For music aficionados, when thinking about a connection between New England and popular music it is difficult for the folk legends The Shaw Brothers not to come to mind. When considering twins Ron and Rick Shaw’s birthplace in the White Mountains of New Hampshire and their musical journey via the University of New Hampshire, to the wider appreciating world it is hard to find a musical example that does not personify artists that performed at the top of their chosen genre all the while having their beloved New Hampshire and New England in their hearts.
It was on the campus of UNH where it all began back in the early sixties performing at fraternity parties and off campus clubs. Known in those early days as the Windjammers, and the Tradewinds, it was actually under the name The Brandywine Singers that they brought top honors back to New England in the 1962 National Inter-Collegiate Music Competition. For the first time the wider world got to hear the musical magic that they created, and it loved what it heard.
Ron and Rick played a major role in the growth and popularity of folk music in New England which, at the time, was also seen across the United States. Their rising reputation led to the offer of their first record deal with an album being recorded in Boston MA under the Brandywine Singers name, which was widely played across the network of New England radio stations. This promotion of their talents had the William Morris Agency knocking on their door and with this new representation they found themselves working alongside some of the great names of the time, including touring with Johnny Mathis.
The late sixties saw the Vietnam War and active service for Rick which, for a time, brought an end to the brothers’ musical exploits together. Ron continued in the business and became part of the Pozo Seco singers alongside the late great Don Williams, and Susan “Pie” Taylor. However, upon Rick’s return from active service, it was not long before the twins once more became musical partners and created the name that the folk music world, and New England in particular, knows best, The Shaw Brothers.
As the Shaw Brothers, RCA offered them a record deal, but not quite before they had a brief spell recording and performing what was to become one of the most well-known songs of all time and biggest international hits of the period, “I’d Like to Teach the World to Sing” which became the theme song for Coca Cola. The commercial success of the hit was confirmed by a spell of 10 straight weeks on the Billboard top 40, peaking at #13. Ron and Rick’s time with The Hillside Singers will forever be remembered for their contribution to seventies musical legend.
Under the RCA banner, the boy’s career went from strength to strength. In 1974 they traveled to London to record the seminal album Follow Me. This was followed by many albums that combined their take on established songs alongside their own titles. Ron and Rick’s musical talents had few boundaries; they played, they sang, they wrote, and they performed.
When it came to performing, their relaxed style of music, wit, and repartee had audiences all over the world loving a Shaw Brothers live concert experience and provided the opportunity to work with some of the great names of the day, including Bob Hope and Jay Leno. Musically their collaborations with John Denver, Johnny Cash, Tom Paxton, Tommy Makem and Liam Clancy underlined their reputation with their musical genre. In the world of show business and television, over the years they performed on American Bandstand, Ed Sullivan Show, The Johnny Carson Show, and a Bob Hope special.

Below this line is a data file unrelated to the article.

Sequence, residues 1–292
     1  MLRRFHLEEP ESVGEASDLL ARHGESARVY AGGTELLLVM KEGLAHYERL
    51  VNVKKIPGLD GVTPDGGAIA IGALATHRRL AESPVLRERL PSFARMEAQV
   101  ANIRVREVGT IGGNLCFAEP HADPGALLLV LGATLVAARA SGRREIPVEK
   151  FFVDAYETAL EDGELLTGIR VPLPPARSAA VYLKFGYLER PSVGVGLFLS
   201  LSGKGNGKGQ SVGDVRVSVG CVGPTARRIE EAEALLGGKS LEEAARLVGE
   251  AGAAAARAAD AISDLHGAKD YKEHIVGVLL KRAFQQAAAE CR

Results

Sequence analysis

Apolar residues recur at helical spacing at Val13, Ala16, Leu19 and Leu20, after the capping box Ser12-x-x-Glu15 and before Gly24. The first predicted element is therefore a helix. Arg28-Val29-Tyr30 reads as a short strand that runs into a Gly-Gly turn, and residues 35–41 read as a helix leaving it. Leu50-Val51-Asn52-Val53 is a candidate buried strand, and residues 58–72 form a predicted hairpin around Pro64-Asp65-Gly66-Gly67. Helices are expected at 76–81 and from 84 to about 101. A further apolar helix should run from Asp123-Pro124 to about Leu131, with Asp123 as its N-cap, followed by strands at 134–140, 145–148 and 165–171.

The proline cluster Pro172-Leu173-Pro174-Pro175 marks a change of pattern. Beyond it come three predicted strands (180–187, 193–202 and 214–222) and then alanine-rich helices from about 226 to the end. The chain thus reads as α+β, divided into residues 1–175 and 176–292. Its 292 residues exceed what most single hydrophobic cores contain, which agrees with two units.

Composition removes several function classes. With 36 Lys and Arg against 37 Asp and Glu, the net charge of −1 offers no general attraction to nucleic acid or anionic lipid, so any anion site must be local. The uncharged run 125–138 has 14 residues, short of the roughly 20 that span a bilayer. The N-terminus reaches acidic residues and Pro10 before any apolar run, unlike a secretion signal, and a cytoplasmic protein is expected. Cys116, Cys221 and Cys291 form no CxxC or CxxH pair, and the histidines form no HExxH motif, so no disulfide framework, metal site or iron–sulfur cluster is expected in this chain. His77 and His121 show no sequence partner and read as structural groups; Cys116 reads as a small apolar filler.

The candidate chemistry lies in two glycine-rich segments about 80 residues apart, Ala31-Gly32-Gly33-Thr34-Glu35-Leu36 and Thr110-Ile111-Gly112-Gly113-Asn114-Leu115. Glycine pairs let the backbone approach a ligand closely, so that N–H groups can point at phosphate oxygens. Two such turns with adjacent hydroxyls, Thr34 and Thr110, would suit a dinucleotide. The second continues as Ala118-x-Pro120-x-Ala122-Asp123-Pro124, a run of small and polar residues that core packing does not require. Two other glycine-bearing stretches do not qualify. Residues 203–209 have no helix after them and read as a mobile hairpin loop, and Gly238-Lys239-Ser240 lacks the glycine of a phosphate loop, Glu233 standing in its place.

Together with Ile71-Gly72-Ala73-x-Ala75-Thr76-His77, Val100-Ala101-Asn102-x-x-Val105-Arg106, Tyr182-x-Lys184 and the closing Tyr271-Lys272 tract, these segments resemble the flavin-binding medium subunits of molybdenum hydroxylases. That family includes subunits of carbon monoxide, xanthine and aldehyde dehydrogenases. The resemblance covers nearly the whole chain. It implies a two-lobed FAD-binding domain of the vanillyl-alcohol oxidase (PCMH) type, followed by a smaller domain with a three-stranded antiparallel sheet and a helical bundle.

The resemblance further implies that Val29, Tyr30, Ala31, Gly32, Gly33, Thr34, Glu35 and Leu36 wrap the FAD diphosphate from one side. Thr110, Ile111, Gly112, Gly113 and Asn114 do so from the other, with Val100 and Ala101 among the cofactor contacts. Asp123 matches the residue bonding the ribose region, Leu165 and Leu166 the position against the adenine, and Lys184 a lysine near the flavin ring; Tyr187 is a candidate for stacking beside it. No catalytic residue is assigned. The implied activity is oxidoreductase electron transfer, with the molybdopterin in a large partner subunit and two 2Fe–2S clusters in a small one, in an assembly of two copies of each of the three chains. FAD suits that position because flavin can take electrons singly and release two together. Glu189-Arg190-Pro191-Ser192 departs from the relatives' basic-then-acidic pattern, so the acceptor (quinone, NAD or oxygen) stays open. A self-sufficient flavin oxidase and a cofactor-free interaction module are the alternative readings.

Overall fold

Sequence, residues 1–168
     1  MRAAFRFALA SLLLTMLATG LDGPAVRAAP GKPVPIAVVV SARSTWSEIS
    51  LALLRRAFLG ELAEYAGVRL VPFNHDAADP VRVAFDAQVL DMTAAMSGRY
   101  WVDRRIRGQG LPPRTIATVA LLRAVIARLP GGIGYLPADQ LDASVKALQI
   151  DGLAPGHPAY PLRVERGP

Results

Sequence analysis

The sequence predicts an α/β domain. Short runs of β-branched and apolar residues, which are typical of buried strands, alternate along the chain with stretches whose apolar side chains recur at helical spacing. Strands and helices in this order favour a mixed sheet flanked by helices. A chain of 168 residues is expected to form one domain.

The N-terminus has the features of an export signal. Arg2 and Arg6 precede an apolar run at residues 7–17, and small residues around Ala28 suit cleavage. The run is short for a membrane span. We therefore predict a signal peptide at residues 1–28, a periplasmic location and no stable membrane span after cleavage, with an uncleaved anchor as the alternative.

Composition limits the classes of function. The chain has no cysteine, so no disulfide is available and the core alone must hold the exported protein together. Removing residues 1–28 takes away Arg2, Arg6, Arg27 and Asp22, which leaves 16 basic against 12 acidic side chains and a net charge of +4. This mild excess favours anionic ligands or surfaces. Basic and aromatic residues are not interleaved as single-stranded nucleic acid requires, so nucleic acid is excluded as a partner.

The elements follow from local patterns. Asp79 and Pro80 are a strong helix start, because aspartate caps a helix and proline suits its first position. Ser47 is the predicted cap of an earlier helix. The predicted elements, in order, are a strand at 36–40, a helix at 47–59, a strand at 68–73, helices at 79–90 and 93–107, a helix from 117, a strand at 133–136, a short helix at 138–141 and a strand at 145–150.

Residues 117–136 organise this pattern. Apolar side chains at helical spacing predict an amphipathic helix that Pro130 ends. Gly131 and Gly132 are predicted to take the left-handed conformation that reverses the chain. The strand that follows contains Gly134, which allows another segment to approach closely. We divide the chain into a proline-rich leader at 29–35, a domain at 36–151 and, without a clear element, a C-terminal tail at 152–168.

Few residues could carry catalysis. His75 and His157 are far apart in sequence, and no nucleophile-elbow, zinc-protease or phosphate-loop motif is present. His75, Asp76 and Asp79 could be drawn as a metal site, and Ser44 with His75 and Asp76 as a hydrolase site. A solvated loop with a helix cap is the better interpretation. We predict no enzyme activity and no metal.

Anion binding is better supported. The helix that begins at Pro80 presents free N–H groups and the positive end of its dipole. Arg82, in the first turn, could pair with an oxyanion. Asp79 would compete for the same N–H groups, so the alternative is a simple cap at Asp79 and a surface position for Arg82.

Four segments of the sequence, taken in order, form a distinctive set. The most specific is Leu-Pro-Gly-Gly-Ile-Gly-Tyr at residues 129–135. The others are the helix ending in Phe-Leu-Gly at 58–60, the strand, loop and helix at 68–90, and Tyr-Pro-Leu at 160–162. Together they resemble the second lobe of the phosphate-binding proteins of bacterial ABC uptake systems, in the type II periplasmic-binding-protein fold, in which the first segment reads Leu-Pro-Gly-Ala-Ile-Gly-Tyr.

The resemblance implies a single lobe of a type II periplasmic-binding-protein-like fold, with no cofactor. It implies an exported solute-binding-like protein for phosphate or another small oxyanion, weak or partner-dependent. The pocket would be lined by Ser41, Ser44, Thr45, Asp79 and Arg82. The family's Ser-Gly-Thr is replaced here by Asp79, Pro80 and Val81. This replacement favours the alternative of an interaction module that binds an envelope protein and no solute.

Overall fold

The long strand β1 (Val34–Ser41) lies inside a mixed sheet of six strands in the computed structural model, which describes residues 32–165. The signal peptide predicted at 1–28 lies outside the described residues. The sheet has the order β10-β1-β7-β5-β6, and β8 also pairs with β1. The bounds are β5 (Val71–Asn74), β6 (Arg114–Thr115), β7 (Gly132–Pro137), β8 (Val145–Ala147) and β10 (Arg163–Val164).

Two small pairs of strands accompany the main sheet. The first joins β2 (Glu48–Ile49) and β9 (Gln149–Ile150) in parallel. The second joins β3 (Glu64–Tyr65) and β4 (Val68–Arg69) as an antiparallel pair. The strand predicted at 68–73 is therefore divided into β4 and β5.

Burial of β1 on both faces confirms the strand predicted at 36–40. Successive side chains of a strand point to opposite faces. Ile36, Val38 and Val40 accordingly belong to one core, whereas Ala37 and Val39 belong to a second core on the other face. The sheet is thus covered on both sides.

But it was New England and New Hampshire that provided them with their greatest rewards and musical creations. In Boston, The Shaw Brothers song “The Day The Tall Ships Came” was the theme song for Operation Sail and the song “New Hampshire Naturally” was selected as a New Hampshire state song. In fact, then New Hampshire Governor, the late Hugh Gallen, described them as “New Hampshire’s musical ambassadors to the world.” How right he was, and they were first choice to perform at New Hampshire events in the presence of Presidents George Bush and Barack Obama.
Back at home in New Hampshire there was a certain venue that stood head and shoulders above any of the global venues the boys played. Prescott Park in Portsmouth NH, was the scene of what was to become a summer tradition for 25 years, the annual summer concert series. From all over New England the audiences came in droves to see the Shaw Brothers play. In fact, the venue was the site of the live recording of one of their most famous albums, “Concert in the Park” and the Shaw Brothers annual summer concert became a legendary part of the New England musical calendar.
From learning how to sing and play ukulele with their father at the age of 3 back in the White Mountains to gracing stages all over the world is a story in itself. But the story of real value is that Ron and Rick always stayed true to their geographical origins. New England and the north east coast helped build their character and values. Perhaps their greatest childhood memories came from the summers they spent at Camp Huckins in Freedom, New Hampshire, as both campers and counselors . This was the place where they spent evenings with their fellow campers sitting around the campfire singing and playing music. The bond created amongst the group was to last a lifetime as was their bond to Camp Huckins itself.
Few, if any, have had such a musical influence on this area. Both passed in the city they loved (Ron in 2018, Rick in 2021) and the city, and its people that loved them, Portsmouth NH. New Hampshire was where their heart was and fittingly, it is the state that became their final resting place, Naturally.
(by Jessica Shaw)
Published on April 26, 2022